Health ministry approves new tuberculosis drug1 min read . Updated: 03 Oct 2017, 11:03 PM IST
The technical group on tuberculosis in the health ministry has given approval to Delamanid, which is in its phase 3 clinical trials
New Delhi: Perturbed by the increasing number of multi-drug resistant (MDR) and extensive drug resistant (XDR) tuberculosis cases in India, the health ministry has approved the use of a new drug in the treatment of such cases.
The technical group on tuberculosis in the ministry of health has given approval to Delamanid, which is in its phase 3 clinical trials.
“We are losing a lot of patients to XDR and MDR tuberculosis. We need more than one drug for treating patients in the backdrop of increasing drug resistance in patients. Delmanid proved to be a good alternative. We will initially conduct a trial with this drug on over 400 patients in a controlled manner," said Jagdish Prasad, director general of health services in the ministry.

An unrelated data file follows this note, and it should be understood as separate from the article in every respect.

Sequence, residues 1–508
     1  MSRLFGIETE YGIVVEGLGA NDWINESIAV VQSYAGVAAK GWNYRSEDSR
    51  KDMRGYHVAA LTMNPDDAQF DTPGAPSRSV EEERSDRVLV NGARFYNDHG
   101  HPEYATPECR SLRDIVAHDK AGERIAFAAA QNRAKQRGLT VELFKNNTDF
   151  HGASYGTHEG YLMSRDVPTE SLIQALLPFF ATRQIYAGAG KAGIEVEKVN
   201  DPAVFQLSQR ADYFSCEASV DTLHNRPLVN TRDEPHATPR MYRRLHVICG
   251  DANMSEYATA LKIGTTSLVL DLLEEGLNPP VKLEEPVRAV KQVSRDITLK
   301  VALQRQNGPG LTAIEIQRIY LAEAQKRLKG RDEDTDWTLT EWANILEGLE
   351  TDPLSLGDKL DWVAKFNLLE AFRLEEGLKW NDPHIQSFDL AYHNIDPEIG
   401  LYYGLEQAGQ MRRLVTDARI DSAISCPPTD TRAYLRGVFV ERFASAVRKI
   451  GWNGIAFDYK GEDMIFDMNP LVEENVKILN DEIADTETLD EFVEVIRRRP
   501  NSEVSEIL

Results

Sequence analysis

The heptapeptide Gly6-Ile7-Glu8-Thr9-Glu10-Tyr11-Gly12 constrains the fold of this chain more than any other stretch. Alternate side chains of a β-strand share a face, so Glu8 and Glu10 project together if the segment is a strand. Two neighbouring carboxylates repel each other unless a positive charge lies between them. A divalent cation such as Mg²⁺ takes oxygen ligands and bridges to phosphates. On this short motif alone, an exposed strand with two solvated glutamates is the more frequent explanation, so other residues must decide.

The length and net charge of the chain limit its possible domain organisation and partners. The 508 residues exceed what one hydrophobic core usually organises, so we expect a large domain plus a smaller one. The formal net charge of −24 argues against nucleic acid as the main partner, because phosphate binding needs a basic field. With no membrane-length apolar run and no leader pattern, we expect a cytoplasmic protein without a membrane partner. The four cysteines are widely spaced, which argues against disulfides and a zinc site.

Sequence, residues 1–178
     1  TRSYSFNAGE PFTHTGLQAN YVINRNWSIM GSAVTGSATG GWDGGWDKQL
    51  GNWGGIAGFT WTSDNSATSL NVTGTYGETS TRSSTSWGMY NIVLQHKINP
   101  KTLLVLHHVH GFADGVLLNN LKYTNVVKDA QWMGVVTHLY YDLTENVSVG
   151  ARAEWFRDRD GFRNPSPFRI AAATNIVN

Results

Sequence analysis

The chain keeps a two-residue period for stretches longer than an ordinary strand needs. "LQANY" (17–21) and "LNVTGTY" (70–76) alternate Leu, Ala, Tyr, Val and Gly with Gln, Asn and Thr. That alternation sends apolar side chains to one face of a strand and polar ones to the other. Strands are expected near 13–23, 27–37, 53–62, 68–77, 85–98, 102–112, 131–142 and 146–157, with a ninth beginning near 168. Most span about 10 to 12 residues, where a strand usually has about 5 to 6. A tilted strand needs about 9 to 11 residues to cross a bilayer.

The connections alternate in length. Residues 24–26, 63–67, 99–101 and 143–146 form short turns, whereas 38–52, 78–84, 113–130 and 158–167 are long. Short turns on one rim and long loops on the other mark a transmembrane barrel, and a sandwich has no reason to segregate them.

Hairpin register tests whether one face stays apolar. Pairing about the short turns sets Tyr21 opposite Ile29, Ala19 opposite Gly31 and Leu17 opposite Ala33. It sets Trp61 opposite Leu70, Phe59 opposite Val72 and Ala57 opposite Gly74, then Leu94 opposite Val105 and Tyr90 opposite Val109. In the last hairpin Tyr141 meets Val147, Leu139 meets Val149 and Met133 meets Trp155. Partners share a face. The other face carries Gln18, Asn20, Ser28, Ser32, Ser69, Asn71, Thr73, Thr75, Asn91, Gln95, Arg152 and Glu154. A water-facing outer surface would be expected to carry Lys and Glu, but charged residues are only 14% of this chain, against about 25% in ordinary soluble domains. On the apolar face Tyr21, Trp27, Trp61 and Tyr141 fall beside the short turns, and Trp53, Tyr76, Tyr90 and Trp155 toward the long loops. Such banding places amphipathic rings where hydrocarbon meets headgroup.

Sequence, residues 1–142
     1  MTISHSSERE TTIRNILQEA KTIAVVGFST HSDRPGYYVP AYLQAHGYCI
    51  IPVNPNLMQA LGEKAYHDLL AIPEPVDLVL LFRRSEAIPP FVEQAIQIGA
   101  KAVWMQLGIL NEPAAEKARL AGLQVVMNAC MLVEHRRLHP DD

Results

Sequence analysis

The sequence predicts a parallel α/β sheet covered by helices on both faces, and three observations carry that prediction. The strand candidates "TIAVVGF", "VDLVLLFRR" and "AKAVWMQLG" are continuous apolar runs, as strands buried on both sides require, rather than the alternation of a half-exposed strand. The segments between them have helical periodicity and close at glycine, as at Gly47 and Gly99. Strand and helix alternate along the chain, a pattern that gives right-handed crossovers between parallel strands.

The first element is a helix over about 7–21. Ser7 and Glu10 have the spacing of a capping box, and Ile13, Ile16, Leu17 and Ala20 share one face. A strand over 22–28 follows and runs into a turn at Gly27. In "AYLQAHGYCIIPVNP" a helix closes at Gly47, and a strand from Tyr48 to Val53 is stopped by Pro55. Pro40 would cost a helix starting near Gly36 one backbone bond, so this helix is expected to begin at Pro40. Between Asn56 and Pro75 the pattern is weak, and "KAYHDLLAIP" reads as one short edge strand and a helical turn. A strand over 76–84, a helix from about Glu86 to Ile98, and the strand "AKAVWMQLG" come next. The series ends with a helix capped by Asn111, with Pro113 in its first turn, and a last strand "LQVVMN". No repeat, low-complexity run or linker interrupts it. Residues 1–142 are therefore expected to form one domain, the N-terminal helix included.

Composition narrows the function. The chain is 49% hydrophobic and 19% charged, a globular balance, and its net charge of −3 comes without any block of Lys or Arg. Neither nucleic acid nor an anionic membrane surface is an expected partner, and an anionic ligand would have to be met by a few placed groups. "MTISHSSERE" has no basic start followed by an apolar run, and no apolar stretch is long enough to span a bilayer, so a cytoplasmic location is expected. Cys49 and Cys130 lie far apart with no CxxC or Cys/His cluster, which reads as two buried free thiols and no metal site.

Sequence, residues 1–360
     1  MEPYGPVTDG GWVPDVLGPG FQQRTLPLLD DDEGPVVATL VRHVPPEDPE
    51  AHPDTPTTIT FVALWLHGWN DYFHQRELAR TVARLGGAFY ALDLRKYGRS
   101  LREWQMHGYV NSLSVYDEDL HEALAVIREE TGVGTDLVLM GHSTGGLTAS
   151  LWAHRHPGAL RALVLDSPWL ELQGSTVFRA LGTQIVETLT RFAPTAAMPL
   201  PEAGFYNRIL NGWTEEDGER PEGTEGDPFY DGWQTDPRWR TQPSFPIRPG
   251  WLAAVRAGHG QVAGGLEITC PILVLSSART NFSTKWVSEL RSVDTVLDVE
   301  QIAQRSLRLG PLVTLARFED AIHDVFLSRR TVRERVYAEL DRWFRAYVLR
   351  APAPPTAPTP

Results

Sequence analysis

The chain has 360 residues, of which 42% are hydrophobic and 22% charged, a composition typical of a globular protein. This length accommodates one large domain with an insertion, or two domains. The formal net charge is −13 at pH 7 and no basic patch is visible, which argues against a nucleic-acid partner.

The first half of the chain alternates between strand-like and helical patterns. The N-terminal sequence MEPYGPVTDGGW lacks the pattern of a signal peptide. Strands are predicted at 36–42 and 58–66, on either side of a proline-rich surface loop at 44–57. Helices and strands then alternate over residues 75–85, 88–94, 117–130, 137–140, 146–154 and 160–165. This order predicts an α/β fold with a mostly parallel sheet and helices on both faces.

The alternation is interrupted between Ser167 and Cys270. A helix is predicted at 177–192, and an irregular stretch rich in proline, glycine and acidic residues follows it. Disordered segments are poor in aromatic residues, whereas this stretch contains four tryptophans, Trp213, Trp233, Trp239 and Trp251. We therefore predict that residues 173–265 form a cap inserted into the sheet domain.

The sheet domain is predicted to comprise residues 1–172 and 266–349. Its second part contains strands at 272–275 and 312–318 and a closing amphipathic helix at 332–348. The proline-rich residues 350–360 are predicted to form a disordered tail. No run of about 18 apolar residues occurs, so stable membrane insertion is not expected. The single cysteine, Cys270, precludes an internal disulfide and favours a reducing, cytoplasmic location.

“Currently, around 50% of patients don’t respond to tuberculosis treatment. Delamanid has proved effective in many clinical trials in South Africa and Japan. Taking a cue from this, we are expecting that over 70-80% patients will respond to tuberculosis treatment," he said.
The bactericidal drug (that kills Tuberculosis bacteria) will be included in the Revised National TB Control Program (RNTCP) from this month in parallel to Bedaquiline, another therapy.
“The government may not replace Bedaquiline with Delamanid because there is always a need for alternative drugs for combating tuberculosis. Both the drugs will be used in parallel. Those who are given Bedaquiline will not be given Delamanid and vice versa," said Prasad.
Bedaquiline was launched by the ministry of health in 2016 and is currently available for patients in five cities—Mumbai, Delhi, Guwahati, Chennai and Ahmedabad.
“Though both Delamanid and Bedaquiline are in phase 3 trials but globally the research results have been promising. In fact, in India we are planning to conduct clinical trials by combining both the drugs for the benefit of patients. This has never been explored anywhere in the world," said Soumya Swaminathan, director general of the Indian Council of Medical Research (ICMR) and secretary, department of health research. “We are also planning to cut short the tuberculosis treatment from one year to six months."